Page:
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Avoid These Pitfalls When Responding to an RFP By Melissa Swartz

Many organizations use a Request for Proposal (RFP) process for procuring goods and services. As an independent consultant, I have written many RFPs and evaluated even more responses (see "Do You Really Need an RFP? Because It's Really a Pain..."). The process offers a mechanism for providing large amounts of information that, when done properly, helps the buyers to evaluate and compare options. It is, in effect, a job interview.

Responding to an RFP can require a significant amount of effort from a vendor; sadly, we see proposals in response to RFPs that guarantee immediate elimination from consideration. Here are some of the biggest mistakes to avoid when responding to an RFP:

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Contract Negotiation Tips from a Non-Legal Perspective By Melissa Swartz

Many managers rate managing and negotiating contracts on the same level as getting a root canal or walking barefoot over hot embers. I don't remember meeting anyone who has said "Contracts--my favorite thing!" But they are a definite fact of life, so here are a few thoughts on things to be aware of when dealing with contracts.

Part 1: Managing Existing Contracts
You should have a way of tracking your existing contracts so that you are not caught by surprise when they expire. Contracts for services can have murky start dates. Sometimes they are based on when the vendor countersigns the contract; other times they may begin when service is delivered or when it is first billed. Often, vendors can't produce a copy of your contract, so if you don't have a copy of the countersigned document, the contract expiration date can't always be determined. Sometimes vendors tell customers what the expiration date is, but when pressed for documentation they have no way to prove the accuracy of their assertions.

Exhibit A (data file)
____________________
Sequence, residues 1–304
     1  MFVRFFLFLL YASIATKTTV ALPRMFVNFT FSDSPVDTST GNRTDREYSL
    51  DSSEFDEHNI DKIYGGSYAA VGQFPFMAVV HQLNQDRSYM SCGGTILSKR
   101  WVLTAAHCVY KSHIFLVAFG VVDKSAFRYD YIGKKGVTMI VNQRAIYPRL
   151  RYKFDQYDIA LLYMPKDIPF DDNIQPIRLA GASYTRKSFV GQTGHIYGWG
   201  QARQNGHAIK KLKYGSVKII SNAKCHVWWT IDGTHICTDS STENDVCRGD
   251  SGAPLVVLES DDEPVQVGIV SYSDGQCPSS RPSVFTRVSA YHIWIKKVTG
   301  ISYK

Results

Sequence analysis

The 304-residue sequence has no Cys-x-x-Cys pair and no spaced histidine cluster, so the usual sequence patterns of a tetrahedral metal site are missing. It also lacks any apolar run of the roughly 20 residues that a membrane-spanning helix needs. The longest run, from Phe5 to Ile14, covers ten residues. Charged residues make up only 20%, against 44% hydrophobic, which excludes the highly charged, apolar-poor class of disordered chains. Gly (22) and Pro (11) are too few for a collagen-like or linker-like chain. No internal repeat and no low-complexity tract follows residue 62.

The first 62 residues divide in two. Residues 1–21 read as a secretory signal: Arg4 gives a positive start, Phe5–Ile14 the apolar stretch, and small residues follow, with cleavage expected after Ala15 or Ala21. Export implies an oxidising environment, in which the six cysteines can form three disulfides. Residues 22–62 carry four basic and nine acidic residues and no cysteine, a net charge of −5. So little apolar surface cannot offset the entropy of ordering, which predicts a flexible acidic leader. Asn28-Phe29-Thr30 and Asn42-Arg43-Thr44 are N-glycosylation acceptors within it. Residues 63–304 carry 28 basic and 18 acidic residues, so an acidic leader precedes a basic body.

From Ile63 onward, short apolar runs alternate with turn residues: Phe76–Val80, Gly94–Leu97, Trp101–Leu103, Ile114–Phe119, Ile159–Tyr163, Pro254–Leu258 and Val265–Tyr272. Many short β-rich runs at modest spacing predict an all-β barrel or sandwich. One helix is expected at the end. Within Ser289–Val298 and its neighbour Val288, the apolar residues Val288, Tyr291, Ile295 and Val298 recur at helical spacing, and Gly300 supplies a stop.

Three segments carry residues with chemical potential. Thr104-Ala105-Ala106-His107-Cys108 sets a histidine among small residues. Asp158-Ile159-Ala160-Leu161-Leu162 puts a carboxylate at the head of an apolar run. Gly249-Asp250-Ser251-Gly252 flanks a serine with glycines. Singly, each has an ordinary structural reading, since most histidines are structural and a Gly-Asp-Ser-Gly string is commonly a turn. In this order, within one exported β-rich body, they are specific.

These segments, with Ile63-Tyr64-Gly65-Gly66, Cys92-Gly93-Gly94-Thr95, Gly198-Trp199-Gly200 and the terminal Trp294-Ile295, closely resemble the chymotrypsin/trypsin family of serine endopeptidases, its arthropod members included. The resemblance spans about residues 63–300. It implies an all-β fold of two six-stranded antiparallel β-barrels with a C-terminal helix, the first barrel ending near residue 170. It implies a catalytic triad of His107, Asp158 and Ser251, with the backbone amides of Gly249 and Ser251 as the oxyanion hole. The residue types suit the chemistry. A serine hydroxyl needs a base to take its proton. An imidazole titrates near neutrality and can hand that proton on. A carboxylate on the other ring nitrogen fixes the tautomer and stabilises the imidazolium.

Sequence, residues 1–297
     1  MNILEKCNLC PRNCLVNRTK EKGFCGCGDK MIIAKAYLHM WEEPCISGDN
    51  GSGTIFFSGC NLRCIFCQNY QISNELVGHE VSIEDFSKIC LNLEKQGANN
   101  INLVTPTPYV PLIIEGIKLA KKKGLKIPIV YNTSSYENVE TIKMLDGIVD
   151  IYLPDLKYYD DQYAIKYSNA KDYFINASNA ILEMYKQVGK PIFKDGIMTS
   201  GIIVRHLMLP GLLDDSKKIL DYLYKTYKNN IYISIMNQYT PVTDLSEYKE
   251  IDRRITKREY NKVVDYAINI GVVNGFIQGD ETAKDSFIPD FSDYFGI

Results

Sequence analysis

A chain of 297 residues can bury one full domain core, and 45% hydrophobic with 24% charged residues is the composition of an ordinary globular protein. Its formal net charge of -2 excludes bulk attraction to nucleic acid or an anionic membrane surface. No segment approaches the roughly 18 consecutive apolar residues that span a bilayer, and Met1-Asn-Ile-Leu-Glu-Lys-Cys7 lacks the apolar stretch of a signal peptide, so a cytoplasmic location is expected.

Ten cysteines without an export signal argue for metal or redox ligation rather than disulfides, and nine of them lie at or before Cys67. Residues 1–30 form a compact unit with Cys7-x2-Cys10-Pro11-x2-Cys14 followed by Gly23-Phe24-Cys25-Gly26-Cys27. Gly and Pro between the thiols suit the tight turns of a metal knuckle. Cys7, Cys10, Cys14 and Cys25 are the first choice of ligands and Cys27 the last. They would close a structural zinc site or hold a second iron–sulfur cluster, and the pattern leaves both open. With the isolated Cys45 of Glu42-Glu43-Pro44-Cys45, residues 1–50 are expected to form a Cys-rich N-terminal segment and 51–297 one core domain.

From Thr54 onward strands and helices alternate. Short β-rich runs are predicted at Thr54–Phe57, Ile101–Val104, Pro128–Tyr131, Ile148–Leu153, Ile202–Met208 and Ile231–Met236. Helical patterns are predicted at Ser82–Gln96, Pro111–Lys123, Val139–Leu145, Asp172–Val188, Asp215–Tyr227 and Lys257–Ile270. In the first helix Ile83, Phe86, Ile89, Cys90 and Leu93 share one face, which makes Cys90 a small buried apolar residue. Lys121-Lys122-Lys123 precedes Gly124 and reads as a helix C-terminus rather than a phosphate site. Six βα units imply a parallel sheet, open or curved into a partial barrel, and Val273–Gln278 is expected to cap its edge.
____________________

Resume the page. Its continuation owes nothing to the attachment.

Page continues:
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Contract Negotiation Tips from a Non-Legal Perspective Part 2: Negotiating New Contracts By Melissa Swartz

Selecting a new product or service and its supplier can be a long process: A lot of information is exchanged, items are negotiated, and promises are made. The agreement is finalized through a contract, and this is a time where there is a relatively high risk that these customizations may be lost.

Almost every contract contains a phrase that says, in effect, "The only language that is legally binding is contained within this agreement. Previous discussions, writings, and promises are void." If you sign the vendor's standard contract, without making changes, you may give up a lot of leverage and a lot of previous effort.

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Which System is the Best? By Melissa Swartz

As a consultant, I am often asked, "Which system is the best?"

That's kind of like asking "Which automobile is the best?" The answer, of course, depends on what you need it to do. Do you need great gas mileage, or to carry a lot of stuff (covered or uncovered?), or hold a lot of people? Will you be driving off-road? Do you need speed? The list goes on.